I watched more than my usual share of documentaries in July and August. I'm not a big fan of documentaries. I prefer my documentaries to be more of the Victory at Sea variety. The line between documentary and reality show has become blurred. I think too many audience members accept the documentarian's work as "fact" when in fact it is frequently "fact filtered through a subjective prism"...as opposed to my blog where I state unassailable facts. Still, when I view a documentary in the same manner as a narrative, I can be entertained and even enlightened.
The Queen of Versailles played at the 2012 SF International Film Festival and has enjoyed an extended run at the local Landmark Theaters. I saw it at the Embarcadero Center Cinema.
The Queen of Versailles; directed by Lauren Greenfield; documentary; (2012) - Official Website
The Queen of Versailles was certainly entertaining. Directed Lauren Greenfield started the project with the goal of following David & Jackie Siegel as they build the largest single family dwelling in the United States. Outgrowing their 26,000 square foot house near Orlando, the Siegels plan a 90,000 sq. ft. structure to house their belongings, 8 children and household staff. However, construction is ground to a halt as the Great Recession derails their financing.
Filmed over two years, Queen of Versailles showcases the opulent lifestyle of the Siegels, the stress their marriage faces as their fortunes reverse and unexpectedly draws a parallel to the financial hardships many families find themselves in. Septuagenarian David Siegel is a time share mogul (Westgate Resorts) who married his trophy wife Jackie, 31 years his junior. As the film begins, the billionaires are riding high with private jets and Jackie's million dollar shoe & purse collection. The film implies that Dave is an asshole who hints that he may have committed election improprieties in Florida during the 2000 Presidential race. Jackie is presented as a vacuous woman who spends her days spending her husband's money.
They start off with grand plans for their new mansion. The film's title comes from the Palace of Versailles, the design inspiration for the Siegel mansion. As the economy tanks, the Siegels are forced to halt construction and eventually scale back their lifestyle. David hunkers down as he seems more interested in making money than spending it. Jackie however seems to have trouble adjusting to her new circumstances. We witness the Siegel children as they are forced to fly commercial for the first time in their lives and later go to public school. We laugh as Jackie asks the rental car agency clerk for the name of her driver thinking it is more akin to a limo service. Towards the end we see Jackie going downscale as she shops for Xmas gifts at Walmart (she buys multiple shopping carts full of stocking stuffers). Greenfield skillfully depicts the conspicuous consumption that most of the audience likely expected going into the film.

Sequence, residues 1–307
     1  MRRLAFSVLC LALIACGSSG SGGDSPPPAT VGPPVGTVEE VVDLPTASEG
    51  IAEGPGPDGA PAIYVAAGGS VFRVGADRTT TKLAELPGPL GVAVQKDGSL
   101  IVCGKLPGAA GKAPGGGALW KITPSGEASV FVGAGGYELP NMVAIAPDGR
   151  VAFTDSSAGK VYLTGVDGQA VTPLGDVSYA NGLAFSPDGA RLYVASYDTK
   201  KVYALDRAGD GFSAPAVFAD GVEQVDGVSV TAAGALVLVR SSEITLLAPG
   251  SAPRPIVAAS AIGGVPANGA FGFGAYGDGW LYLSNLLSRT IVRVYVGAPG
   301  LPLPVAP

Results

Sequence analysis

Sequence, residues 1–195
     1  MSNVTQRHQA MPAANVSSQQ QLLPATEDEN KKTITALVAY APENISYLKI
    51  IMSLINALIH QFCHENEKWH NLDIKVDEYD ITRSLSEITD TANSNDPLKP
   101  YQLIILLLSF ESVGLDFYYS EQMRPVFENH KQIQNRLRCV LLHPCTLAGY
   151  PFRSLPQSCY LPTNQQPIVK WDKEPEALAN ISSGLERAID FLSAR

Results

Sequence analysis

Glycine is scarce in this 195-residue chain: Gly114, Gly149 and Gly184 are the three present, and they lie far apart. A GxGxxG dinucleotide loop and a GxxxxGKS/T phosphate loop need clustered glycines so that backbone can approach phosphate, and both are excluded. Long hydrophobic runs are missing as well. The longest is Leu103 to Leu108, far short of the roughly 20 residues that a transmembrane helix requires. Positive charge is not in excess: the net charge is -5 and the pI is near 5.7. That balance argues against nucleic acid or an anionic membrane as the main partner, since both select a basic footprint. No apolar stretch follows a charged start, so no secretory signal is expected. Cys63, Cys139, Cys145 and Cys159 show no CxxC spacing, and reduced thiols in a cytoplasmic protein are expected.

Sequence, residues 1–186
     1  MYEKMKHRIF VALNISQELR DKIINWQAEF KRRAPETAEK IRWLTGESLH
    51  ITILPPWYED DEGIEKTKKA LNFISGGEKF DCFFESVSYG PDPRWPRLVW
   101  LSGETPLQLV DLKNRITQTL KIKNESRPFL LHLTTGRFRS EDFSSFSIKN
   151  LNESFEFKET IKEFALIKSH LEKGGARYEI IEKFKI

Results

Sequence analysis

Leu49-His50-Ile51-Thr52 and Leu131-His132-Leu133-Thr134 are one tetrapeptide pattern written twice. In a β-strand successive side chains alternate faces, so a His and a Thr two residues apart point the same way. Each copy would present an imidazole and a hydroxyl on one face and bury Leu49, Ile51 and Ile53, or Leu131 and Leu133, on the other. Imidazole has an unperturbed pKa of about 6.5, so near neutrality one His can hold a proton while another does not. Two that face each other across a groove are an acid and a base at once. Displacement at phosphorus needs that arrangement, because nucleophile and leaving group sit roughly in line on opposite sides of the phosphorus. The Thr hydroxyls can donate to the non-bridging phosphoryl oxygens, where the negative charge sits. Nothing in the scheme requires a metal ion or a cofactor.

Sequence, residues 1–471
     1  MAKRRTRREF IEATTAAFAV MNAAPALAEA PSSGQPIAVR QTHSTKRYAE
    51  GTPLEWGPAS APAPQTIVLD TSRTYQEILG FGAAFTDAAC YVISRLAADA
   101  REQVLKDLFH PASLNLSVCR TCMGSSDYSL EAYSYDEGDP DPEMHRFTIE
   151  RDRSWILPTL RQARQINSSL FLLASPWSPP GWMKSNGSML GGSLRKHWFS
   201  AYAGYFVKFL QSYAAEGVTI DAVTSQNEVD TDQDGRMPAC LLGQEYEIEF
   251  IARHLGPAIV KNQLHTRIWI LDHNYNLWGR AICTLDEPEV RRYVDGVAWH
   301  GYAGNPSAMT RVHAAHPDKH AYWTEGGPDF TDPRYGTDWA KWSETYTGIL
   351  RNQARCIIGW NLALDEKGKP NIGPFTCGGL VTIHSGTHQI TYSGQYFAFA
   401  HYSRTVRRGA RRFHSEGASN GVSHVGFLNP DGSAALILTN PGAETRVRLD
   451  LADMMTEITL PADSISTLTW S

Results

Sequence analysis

More interesting for me is the change which occurs in the Siegel's relationship. Jackie was a Mrs. Florida winner when she met David which gives the impression she lacked intelligence. Her behavior through most of the flim reinforces that impression. However, glimpses into her past reveal some surprising history. Siegel graduated with a computer engineering degree from Rochester Institute of Technology and went on to be hired by IBM. A few years younger than Jackie and with an engineering degree of my own, I can attest that IBM was a very prestigious company for engineers to be hired in the late 1980s. Jackie says she left IBM soon after starting because her boss had a computer program which counted down the seconds until he could retire and "really start living his life." This was too depressing a future for Jackie to contemplate so she left IBM...to get married...to a wife-beater...and model swimsuits...and compete in beauty pageants. Her career choices is more damning of our society than necessarily Jackie.
As the film progresses, Jackie shows quite a bit of patience for her husband's loutish behavior; more so than her children who begin to resent their father as he verbally mistreats their mother and works longer and longer hours. Jackie even displays some self-awareness and an understanding that she and her marriage are not being portrayed positively. After the film was shot, the Siegels complained they were being portrayed inaccurately and that some of the scenes were staged. I wonder why they allowed themselves to be filmed at all; especially as the economy faltered and their relationship became strained. As his finances deteriorate, David treats his wife as if she is his ninth child and Jackie clearly recognizes his patronizing behavior.
The third aspect which I found fascinating is how David Siegel explains his predicament. He uses some of the same catchphrases as the Occupy Movement. He paints himself as a victim of easy credit and predatory bankers who won't temporarily extend additional credit which would allow him to ride out his financial storm. Amazingly, Greenfield was able to invoke some sympathy from me towards the Siegels.
Since the limited release of Queen of Versailles, the Siegels have launched their own media counterattack. I read that the Siegels are about to restart construction on their Versailles. At the end of the movie, I thought the Siegels would be divorced by now but they are still together. In the film, David joked (half-joked?) that he was going to trade Jackie in for two 20 year olds. Jackie may even get a new career out of the film - she claims to have been offered a role on a reality television series. Ironically, this thoroughly enjoyable documentary confirmed all that I don't like about modern documentaries or perhaps more accurately, all that I don't like about modern society.
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